Two other grain and oilseed giants are part of this trading nexus that dominates food supply. Bunge, which expanded through the late 19th century as a grain trader in South America, is now a transnational with headquarters in the US. It is the world's largest exporter of soya beans and a major corn and oil processor. The Louis Dreyfus group, a French family-owned private company, has vast grain, sugar, and energy trading interests around the world and now focuses on financial aspects of commodity trading. In the US it has joint grain ventures with ADM and Cargill. (EU subsidies have achieved a similar position for a handful of its corporations, mainly those processors whose power was established before the war.)
As well as buying and selling agricultural commodities, these four global companies control refining and crushing plants and turn those cheap, subsidised commodities into a myriad other ingredients, from starches to syrups to fats to animal feed. They also play the markets, and have vastly complicated corporate structures that enable them to shift transactions and profits from subsidiary to subsidiary.
Cargill, the behemoth, is "the undisputed ruler in the global grain trade and extends its tentacles into every aspect of the global food system", according to Brewster Kneen, the company's unauthorised biographer. Cargill initially built up its power in the 1870s, in the speculative era of the American agricultural frontier when US grain, along with sugar, began providing the fuel for workers in an industrialising, urbanising Britain. It began with a family of grain traders who bought up storage facilities in the US on strategically placed transport routes, the new railroads and the waterways of the Great Lakes and Mississippi. There has perhaps been nothing quite like it in terms of reach since the days of the East India Company.
Cargill rarely gives interviews, but in the words of its company brochures: "We buy, trade, transport, blend, mill, crush, process, refine, season, distribute around the clock around the globe." And: "We are the flour in your bread, the wheat in your noodles, the salt on your fries. We are the corn in your tortillas, the chocolate in your dessert, the sweetener in your soft drink. We are the oil in your salad dressing and the beef, pork or chicken you eat for dinner. We are the cotton in your clothing, the backing on your carpet and the fertiliser in your field."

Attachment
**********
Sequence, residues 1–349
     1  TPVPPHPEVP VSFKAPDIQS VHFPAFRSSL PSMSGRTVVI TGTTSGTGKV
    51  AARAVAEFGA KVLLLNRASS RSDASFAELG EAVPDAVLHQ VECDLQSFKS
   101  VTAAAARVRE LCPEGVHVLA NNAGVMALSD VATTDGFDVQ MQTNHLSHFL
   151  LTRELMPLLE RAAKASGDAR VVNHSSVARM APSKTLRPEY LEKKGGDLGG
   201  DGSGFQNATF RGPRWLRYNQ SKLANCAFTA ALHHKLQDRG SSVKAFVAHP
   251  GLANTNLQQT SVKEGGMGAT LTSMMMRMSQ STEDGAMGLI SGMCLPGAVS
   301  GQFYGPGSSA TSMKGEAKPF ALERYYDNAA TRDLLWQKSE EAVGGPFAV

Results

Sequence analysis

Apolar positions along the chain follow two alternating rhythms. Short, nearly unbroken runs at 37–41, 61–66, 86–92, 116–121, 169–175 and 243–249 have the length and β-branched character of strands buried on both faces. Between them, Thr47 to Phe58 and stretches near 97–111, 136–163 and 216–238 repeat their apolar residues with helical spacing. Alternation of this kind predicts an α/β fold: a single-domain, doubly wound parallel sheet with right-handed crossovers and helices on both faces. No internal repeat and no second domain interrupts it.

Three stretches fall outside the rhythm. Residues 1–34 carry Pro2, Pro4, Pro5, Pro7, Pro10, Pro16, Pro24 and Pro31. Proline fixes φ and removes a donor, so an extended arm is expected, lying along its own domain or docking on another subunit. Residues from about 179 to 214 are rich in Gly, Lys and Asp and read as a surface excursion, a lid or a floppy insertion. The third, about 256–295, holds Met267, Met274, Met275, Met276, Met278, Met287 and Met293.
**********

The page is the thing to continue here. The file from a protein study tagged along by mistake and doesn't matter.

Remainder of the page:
Cargill owns two-thirds of the company that is the world's largest producer of fertiliser ingredients, with major factories in North America, South America and China. Cargill's subsidiary Sun Valley produces half of all the chicken products used by McDonald's across Europe and is a leading supplier of chicken to UK supermarkets. Cargill accounts for nearly half of UK and more than a third of all European production of glucose syrups. And, as I have found on my own journeys around today's globalised food system, it has as often as not been the feed for your cow's milk, the emulsifier and fat in your ready meal, the oil that fried your crisps, the soya proteins in your veggieburger ...
History shows that empires rise and fall, however, and that the fall when it comes tends to be fast. Food empires are likely to be no different. We are now entering a period of rapid transition. The postwar food system, dependent on prodigious quantities of crude oil for its production, has not only pushed us to our biological limits but is hitting the environmental buffers. After half a century in which they shaped the nature of global diets with the disposal of their agricultural surplus, the Americans have done a sudden about-turn. With the price of oil constantly breaking new records, they want their surplus back to keep their cars on the road. The US government has started pouring subsidies into the production of ethanol from corn. Grain prices have been soaring. The standard commodity parts are no longer cheap, but we are left with the legacy of the old economic order, with diets that were created out of excess.
Felicity Lawrence is the Guardian's consumer affairs correspondent. Her bestselling exposÃƒ© of the food industry, Not on the Label, was published by Penguin in 2004. She spent two years working with Afghan refugees on the Afghan/Pakistan border in the early 90s and has won numerous awards for her editing and writing.
© Guardian News and Media Limited 2008